4.2. Other evidence of recent volcanism in the Comoros Archipelago
4.2.1. Submarine volcanic chains
The Safari volcanic chain between the islands of Anjouan and Mayotte has several volcanic edifices consisting of conical seamounts, ridges, eruptive fissures and lava flows (Figures 3, 4 and 8). The conical seamounts are aligned in a 130°E trend and reach heights of up to 400 m and diameters of 1 to 1.5 km (Figure 8, Supplementary Figure S3). Large high-reflectivity patches near them are interpreted as lava flows, and low-reflectivity patches are interpreted as lava flows covered by a thin layer of sediment (Figure 8b,e). The ridges, which trend NW–SE, are up to several kilometres long, hundreds of metres wide, and 200 m high (R on Figure 8d) and may contain depressions on their summits as deep as about 20 m (Ef1 on Figure 8d–f). One of these ridges transitions into a crack 2 km long with walls up to 20 m high and a high-reflectivity signature (Ef2 on Figure 8e,f). Similar features on Axial Seamount (Juan de Fuca Ridge) have been interpreted as eruptive fissures [Chadwick et al. 2019; Clague et al. 2011].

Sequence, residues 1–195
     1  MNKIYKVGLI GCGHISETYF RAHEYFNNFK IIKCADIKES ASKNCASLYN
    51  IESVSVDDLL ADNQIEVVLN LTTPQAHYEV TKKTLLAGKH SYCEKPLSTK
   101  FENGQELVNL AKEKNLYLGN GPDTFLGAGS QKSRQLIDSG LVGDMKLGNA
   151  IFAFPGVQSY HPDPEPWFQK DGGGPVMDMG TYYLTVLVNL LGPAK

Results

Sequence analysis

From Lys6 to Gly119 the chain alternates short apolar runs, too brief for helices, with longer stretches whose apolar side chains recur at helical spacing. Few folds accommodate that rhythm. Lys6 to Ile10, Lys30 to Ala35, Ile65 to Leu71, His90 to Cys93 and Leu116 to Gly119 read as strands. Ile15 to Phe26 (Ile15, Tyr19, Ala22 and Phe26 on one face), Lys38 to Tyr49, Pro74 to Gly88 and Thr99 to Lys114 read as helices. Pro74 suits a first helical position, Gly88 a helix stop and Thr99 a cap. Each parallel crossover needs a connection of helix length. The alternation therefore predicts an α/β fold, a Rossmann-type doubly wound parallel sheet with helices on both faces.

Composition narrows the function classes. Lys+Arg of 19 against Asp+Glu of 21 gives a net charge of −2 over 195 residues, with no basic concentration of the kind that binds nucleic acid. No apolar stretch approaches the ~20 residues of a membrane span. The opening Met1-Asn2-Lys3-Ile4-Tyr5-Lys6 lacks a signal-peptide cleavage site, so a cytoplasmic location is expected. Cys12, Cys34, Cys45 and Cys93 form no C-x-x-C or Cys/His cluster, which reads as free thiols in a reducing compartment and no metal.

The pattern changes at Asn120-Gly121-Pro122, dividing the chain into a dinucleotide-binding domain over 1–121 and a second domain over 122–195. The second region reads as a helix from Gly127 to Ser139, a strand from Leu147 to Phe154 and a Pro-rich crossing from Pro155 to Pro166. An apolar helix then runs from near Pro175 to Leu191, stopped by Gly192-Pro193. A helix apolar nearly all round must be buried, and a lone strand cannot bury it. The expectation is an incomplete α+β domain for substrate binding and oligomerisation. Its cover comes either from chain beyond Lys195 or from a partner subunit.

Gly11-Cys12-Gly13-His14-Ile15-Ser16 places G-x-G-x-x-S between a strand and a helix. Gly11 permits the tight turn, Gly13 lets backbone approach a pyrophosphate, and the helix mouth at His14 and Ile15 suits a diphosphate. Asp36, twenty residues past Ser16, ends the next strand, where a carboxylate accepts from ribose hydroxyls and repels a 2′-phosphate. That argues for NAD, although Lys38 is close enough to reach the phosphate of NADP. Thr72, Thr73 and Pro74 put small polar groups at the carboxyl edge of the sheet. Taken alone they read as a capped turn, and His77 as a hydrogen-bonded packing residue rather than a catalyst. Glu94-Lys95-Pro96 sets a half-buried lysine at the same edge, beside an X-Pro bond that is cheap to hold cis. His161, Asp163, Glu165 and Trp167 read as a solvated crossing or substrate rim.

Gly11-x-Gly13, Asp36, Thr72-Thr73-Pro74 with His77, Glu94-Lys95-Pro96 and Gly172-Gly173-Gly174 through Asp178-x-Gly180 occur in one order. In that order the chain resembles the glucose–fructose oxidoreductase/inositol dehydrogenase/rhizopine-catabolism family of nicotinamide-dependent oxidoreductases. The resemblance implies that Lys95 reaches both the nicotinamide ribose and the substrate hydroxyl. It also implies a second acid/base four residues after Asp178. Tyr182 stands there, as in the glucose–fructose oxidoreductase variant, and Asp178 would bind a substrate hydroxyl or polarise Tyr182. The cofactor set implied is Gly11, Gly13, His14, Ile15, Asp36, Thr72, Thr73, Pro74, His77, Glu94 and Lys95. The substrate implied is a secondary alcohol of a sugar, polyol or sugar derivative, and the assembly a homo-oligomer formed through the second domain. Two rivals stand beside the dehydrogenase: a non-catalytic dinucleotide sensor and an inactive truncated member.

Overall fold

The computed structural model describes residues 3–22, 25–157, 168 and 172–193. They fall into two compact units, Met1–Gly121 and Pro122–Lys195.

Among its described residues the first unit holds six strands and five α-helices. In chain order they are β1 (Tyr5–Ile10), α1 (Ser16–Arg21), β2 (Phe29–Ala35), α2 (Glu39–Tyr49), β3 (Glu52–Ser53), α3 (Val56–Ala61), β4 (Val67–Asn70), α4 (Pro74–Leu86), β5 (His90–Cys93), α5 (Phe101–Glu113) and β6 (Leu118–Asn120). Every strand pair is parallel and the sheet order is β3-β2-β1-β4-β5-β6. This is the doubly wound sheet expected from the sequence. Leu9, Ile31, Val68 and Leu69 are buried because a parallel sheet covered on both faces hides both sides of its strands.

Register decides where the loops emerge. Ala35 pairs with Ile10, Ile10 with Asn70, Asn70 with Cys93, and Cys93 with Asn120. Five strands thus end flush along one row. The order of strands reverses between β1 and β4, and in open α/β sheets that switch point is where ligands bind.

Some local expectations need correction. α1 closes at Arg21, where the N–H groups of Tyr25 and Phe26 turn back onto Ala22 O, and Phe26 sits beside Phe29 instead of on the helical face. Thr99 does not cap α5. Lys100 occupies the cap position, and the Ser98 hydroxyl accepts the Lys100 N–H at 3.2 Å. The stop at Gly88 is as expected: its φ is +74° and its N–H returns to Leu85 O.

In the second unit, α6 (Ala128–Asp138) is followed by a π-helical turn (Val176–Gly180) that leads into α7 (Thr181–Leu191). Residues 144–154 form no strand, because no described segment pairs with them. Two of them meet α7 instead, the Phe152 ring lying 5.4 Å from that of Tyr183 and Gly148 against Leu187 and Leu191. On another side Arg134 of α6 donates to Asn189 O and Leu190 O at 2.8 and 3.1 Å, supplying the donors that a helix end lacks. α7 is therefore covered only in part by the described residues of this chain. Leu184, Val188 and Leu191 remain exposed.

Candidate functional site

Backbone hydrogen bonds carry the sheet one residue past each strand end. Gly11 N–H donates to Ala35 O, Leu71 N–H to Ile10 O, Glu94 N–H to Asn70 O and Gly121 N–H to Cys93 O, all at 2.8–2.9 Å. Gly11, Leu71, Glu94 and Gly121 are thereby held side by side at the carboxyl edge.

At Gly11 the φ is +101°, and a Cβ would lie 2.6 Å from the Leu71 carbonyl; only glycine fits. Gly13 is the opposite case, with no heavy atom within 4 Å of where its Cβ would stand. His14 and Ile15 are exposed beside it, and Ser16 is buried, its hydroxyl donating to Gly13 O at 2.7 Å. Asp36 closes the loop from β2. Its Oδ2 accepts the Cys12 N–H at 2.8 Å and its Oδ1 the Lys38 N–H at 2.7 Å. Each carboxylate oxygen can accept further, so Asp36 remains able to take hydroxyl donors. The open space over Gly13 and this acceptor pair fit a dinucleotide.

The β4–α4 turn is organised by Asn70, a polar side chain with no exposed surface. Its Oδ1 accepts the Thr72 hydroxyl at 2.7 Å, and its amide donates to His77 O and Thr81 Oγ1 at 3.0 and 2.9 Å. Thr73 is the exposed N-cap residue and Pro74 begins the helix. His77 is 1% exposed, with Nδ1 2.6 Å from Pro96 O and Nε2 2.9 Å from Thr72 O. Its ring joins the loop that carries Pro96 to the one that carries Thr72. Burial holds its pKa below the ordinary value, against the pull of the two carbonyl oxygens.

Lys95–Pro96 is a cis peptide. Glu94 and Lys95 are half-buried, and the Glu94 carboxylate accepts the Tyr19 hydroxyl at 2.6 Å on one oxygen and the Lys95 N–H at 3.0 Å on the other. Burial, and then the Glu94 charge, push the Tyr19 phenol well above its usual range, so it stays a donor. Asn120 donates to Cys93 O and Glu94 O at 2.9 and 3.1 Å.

Other major submarine volcanic chains, such as the Domoni and Chistwani chains (Figures 4 and 9, Supplementary Figure S4) contain volcanic edifices including conical seamounts, ridges and lava flows. The dredged rocks from the SE flank of the Chistwani chain (SMR4) are basaltic [Thinon et al. 2020b]. This widespread array of volcanic structures is evidence of several phases of volcanism that have formed submarine volcanic chains throughout the Comoros Archipelago, both between the islands (Domoni, Chistwani, and Safari chains) and beyond them (Vailheu chain and the EMVC).